Etymology
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April 
fourth month, c. 1300, aueril, from Old French avril (11c.), from Latin (mensis) Aprilis, second month of the ancient Roman calendar, from a stem of uncertain origin and meaning, with month-name suffix -ilis as in Quintilis, Sextilis (the old names of July and August).

Perhaps based on Apru, an Etruscan borrowing of Greek Aphrodite. Or perhaps *ap(e)rilis "the following, the next," from its place as the second month of the old Roman calendar, from Proto-Italic *ap(e)ro-, from PIE *apo- "away, off" (see apo-; compare Sanskrit aparah "second," Gothic afar "after"). Old folk etymology connected it with Latin aperire "to open."

In English in Latin form from mid-12c.; it replaced Old English Eastermonað, which was named for a fertility goddess (see Easter). Re-spelled in Middle English on Latin model (apprile, first attested late 14c.).
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April fool (n.)
1680s; April-gowk (from Old Norse gaukr "a cuckoo") is a northern variant. April Fool's Day customs of sending people on false errands seem to have come to England from France late 17c.; originally All Fool's Day (1712). In Cumberland, Westmorland and northern parts of Lancashire and Yorkshire, however, May 1 was the day for hoaxing, and the fool was a May gosling. That custom was first attested 1791.
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titanic (adj.)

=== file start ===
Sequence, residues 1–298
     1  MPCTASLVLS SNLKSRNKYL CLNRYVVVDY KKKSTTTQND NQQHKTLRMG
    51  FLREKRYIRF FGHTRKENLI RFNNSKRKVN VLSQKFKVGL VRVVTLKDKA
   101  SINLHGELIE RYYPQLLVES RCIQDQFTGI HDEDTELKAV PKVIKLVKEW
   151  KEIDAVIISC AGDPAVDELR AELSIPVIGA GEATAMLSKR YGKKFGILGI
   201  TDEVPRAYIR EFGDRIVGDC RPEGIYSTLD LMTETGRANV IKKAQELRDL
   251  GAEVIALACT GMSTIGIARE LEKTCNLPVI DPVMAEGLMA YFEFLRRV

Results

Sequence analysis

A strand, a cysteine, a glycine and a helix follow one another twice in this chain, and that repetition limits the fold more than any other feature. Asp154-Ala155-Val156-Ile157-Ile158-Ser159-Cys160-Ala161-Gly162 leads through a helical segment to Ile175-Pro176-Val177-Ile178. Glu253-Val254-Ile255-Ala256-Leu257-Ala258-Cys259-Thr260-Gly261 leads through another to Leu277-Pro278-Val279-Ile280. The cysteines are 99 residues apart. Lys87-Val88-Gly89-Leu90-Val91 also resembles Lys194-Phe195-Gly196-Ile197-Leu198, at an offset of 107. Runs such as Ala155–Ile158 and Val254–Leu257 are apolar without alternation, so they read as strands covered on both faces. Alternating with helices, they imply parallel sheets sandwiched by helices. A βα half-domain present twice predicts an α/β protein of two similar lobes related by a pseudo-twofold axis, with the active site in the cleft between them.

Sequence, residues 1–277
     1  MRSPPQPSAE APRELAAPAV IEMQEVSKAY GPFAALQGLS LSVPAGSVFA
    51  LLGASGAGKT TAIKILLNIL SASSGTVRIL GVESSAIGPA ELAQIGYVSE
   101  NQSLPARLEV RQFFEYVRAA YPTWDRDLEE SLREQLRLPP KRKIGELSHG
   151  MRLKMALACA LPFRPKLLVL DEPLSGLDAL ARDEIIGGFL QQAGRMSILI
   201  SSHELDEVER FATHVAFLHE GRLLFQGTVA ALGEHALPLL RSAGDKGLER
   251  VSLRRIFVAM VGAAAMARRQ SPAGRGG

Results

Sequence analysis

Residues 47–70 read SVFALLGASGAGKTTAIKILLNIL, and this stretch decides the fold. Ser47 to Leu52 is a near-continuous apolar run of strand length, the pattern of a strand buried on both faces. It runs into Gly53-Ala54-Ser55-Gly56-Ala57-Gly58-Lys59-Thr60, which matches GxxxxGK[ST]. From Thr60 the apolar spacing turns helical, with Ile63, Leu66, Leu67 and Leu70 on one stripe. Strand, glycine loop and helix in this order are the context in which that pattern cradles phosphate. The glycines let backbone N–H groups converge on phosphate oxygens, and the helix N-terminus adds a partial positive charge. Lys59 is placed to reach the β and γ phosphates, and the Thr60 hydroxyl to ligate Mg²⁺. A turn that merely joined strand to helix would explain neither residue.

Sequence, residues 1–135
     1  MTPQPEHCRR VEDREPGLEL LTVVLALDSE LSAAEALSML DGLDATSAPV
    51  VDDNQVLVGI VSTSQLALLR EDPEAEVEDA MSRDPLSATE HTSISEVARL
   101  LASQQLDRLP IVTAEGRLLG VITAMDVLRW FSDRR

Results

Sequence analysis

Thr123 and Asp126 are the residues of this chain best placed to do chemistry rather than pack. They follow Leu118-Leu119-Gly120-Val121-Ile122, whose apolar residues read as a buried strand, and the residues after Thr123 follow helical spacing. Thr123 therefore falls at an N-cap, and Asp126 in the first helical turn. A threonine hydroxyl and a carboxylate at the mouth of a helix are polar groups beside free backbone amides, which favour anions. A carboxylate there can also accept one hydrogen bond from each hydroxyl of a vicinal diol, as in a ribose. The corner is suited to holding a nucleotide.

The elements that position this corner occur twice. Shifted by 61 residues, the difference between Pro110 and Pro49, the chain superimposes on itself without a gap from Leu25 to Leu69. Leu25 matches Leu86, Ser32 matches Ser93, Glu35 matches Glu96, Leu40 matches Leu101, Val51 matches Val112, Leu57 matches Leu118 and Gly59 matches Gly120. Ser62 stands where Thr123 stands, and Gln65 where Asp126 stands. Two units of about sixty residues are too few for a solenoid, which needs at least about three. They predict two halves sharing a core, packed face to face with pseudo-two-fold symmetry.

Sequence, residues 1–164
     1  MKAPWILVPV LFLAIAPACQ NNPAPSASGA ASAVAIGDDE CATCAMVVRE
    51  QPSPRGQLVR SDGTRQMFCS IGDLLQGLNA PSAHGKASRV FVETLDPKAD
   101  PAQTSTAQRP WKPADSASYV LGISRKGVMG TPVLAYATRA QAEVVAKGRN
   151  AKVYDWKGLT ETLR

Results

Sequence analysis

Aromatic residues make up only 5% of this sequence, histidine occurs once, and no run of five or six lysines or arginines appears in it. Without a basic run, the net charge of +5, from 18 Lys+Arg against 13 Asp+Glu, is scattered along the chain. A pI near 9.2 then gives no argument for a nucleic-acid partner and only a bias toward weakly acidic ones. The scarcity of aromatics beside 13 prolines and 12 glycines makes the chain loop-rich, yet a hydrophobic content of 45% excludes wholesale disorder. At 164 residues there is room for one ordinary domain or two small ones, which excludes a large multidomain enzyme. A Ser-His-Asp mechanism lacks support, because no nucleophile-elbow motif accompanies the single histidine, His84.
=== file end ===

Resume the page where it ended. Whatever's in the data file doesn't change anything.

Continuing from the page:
"gigantic, colossal," 1709, from titan + -ic. The British passenger liner R.M.S. Titanic sank April 15, 1912, and the name became symbolic of the destruction of supposedly indestructible.
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Earth Day 

as an annual ecological awareness event on April 22, from 1970; the idea for it and the name date from 1969.

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telethon (n.)
prolonged TV fundraiser, 1949, from television + marathon (see -athon). Milton Berle's 16-hour television cancer fundraiser in April 1949 might have been the first to be so called.
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Bolo (n.)
"traitor," 1917, from Paul Bolo, French adventurer shot for treason April 17, 1918; used in World War I with reference to pacifist propagandists; later somewhat assimilated to Bolshevik (q.v.).
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Ceres 

Roman goddess of agriculture (identified with Greek Demeter), also the name given to the first-found and largest asteroid (discovered 1801 by Piazzi at Palermo), from PIE *ker-es-, from root *ker- (2) "to grow." Her festival, Cerealia, was April 10.

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Shiloh 
village on the west bank of the Jordan River, perhaps from an alteration of Hebrew shalo "to be peaceful." The American Civil War battle (April 6-7, 1862) was so called for being fought around the Shiloh church in Tennessee, which was destroyed in the battle.
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nelson (n.)

type of wrestling hold, 1875, apparently from a proper or surname, but no one now knows whose.

Presently, Stubbs, the more skilful as well as the more powerful of the twain, seizes the luckless Jumper in a terrible gripe, known to the initiated as the Full Nelson. ["Lancashire Recreations," in Chambers's Journal, April 24, 1875]
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wasteland (n.)

1825 as one word, from waste (adj.) + land (n.). Figurative sense is attested from 1868. Eliot's poem is from 1922.

April is the cruellest month, breeding
Lilacs out of the dead land, mixing
Memory and desire, stirring
Dull roots with spring rain.
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